Watch any session of MotoGP practice and at some point, you will see Valentino Rossi enter the garage, sit down, and start talking animatedly to two people. One, a balding mustachioed red-headed man, is Silvano Galbusera, the crew chief who replaced Jeremy Burgess at the end of 2013. The other, tall, slim, dark-haired, and invariably bearing a laptop, is Matteo Flamigni, Valentino Rossi's data engineer.
Together, this triumvirate work at perfecting a setup for Rossi's Yamaha M1, each with their separate roles. The data engineer seeking out where the bike can be improved, the crew chief finding ways to improve it, and the rider trying to extract the maximum performance from the bike, and telling the other two what he needs to go faster.
At Misano, I spoke to Matteo Flamigni at some length about his job, what it entails, and what it is like working with Valentino Rossi. Flamigni has been with Rossi since the Italian joined Yamaha back in 2004, and has formed a close, almost intimate relationship with the nine-time world champion, four of which Flamigni has had a hand in. We talked about his job, and how it has changed over the years; the precise nature of Rossi's feedback, and what Flamigni has taught Rossi through the years; and why the rider is always right.
Q: First of all, I'd like you to explain your job, explain what you do.
Matteo Flamigni: Basically I’m a data recording engineer, and I’m taking care of the data recording system on the bike. That means we have quite a lot of sensors on the bike that give you many, many different kinds of information. I record and I take all that information in my PC and I analyze that information and try to get the bike performing better and better during the weekend.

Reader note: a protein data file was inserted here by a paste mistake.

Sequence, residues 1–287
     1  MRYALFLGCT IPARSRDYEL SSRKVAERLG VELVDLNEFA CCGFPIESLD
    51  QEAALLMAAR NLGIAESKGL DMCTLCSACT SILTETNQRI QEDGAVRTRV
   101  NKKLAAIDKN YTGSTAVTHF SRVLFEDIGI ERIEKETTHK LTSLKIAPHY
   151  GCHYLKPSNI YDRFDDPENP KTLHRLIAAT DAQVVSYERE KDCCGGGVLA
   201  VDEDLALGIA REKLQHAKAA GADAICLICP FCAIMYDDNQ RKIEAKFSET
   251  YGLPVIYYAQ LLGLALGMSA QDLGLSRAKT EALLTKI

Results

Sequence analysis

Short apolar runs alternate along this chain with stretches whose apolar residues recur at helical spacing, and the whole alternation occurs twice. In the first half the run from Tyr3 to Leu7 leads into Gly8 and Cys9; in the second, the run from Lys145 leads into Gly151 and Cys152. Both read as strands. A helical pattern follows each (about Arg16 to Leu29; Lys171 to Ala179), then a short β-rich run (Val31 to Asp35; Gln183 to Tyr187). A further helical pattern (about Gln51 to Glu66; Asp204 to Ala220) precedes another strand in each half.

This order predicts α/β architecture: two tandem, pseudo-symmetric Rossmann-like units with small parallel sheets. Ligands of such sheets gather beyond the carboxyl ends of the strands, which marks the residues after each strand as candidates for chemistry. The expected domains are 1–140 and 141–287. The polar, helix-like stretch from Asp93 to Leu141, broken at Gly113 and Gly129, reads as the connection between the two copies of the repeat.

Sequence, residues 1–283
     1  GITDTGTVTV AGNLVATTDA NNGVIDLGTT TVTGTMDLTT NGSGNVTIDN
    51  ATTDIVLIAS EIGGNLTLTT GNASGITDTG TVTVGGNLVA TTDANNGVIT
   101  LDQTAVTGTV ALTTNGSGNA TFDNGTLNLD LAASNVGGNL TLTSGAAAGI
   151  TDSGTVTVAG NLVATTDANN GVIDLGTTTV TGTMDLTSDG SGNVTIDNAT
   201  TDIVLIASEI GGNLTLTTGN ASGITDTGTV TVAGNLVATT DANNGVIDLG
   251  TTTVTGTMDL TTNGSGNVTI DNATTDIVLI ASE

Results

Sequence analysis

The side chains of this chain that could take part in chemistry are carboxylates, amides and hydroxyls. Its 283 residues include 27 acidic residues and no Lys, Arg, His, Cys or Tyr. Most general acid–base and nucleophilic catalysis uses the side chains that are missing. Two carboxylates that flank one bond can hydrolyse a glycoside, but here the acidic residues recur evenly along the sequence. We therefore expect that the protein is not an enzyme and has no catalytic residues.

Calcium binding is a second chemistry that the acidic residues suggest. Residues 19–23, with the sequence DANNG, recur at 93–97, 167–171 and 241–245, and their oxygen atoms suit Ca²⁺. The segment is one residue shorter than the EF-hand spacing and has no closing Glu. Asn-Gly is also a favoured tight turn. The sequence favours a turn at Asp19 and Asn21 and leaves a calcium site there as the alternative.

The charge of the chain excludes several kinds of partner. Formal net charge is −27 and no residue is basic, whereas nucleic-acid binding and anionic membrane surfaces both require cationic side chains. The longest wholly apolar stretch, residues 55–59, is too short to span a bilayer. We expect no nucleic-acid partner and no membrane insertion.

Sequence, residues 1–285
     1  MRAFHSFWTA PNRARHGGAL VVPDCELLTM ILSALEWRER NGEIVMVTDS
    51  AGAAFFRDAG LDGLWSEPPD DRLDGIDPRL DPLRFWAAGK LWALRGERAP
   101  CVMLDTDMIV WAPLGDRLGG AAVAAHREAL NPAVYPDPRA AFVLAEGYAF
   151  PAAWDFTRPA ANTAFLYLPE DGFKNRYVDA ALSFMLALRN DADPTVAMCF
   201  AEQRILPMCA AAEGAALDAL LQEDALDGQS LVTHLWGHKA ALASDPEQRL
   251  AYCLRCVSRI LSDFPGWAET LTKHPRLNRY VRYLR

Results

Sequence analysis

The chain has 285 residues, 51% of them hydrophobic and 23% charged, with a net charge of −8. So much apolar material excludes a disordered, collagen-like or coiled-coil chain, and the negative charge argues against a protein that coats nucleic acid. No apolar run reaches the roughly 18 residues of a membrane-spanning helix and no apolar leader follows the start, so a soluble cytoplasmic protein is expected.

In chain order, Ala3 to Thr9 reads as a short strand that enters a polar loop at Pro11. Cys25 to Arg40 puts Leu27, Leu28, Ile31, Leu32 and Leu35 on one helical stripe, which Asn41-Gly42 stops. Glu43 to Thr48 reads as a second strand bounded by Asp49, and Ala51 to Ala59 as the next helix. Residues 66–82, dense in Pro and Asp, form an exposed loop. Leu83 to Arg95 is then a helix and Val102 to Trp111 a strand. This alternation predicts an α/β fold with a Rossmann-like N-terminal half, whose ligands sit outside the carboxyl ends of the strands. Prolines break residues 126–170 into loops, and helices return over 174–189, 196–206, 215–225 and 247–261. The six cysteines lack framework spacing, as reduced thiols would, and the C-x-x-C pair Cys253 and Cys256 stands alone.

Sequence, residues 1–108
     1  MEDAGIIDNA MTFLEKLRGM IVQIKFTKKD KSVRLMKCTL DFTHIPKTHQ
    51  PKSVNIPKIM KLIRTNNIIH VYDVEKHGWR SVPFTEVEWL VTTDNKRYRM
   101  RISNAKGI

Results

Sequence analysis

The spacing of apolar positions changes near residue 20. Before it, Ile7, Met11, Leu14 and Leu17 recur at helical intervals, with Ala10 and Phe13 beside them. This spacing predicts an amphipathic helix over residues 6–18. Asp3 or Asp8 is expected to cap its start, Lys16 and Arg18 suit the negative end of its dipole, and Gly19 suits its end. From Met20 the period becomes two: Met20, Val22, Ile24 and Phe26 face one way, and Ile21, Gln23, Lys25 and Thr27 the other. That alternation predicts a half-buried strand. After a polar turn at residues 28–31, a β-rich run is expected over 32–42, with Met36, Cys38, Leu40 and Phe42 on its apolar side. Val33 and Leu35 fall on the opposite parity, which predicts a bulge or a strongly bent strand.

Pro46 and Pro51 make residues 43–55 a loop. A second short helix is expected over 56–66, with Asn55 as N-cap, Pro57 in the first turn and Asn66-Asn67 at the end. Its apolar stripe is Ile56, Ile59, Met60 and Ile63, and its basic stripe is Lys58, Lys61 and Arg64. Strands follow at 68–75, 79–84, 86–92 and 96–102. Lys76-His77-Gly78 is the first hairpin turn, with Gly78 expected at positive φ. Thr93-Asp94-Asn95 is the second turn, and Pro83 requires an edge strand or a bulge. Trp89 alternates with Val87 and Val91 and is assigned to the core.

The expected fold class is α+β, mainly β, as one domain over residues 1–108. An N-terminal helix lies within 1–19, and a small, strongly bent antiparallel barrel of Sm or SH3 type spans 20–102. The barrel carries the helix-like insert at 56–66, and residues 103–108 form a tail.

Q: Whenever I see you in the garage, it’s you and Valentino and Silvano. You seem to be the core?
MF: Yeah, what you said is true, because basically Vale tells us what’s wrong with the bike, what he would like to have from the bike. So me and Silvano, we try to improve the bike performance by chassis setup and by electronics setting, that’s specifically my job. Analyzing all the information coming from the sensors on the bike, I can understand where the bike is losing time, or improving time also, and making a comparison between the two riders. So we can adjust the anti-wheelie system, the traction control, the engine brake, corner by corner we can do this.
Q: Even with the new system you can do it more or less corner by corner?
MF: Yeah, exactly. So that’s it, basically.
Q: You saw you are responsible for the electronics settings. You are just adjusting settings? You’re not actually developing strategies?
MF: For that we have a department in Japan where they take care of the unified software and they study all the strategies of this software.
Q: So they give you a selection of strategies that you can choose from? You also work with the Japanese engineers?
MF: Yes. So basically we don’t really have a selection of strategies. We have, for example talking about the traction control, we have one traction control base setting, and we adjust by changing the parameters inside that strategy. We cannot really choose between many strategies. This is the traction control. This is how it works. You can change it corner-by-corner by increasing or decreasing the parameters, but just like that.
Q: I was just talking to Bradley Smith and he said the problems he sometimes has with his data engineers is that the feeling on the bike isn’t the same as the data. The data says one thing. You must know this too?
To read the rest of this article, you need to sign up to become a MotoMatters.com site supporter by taking out a subscription.
This is part of a regular series of unique insights into the world of motorcycle racing, exclusive for MotoMatters.com site supporters. The series includes interviews, background information, in-depth analysis, and opinion. Though most content on MotoMatters.com remains free to read, a select amount of uniquely interesting content will be made available solely to those who have supported the website financially by taking out a subscription.
The aim is to provide additional value for our growing band of site supporters, providing extra original and exclusive content. If you would like to read more of our exclusive content and help MotoMatters.com to grow and improve, you can join the growing band of site supporters, by taking out a subscription here.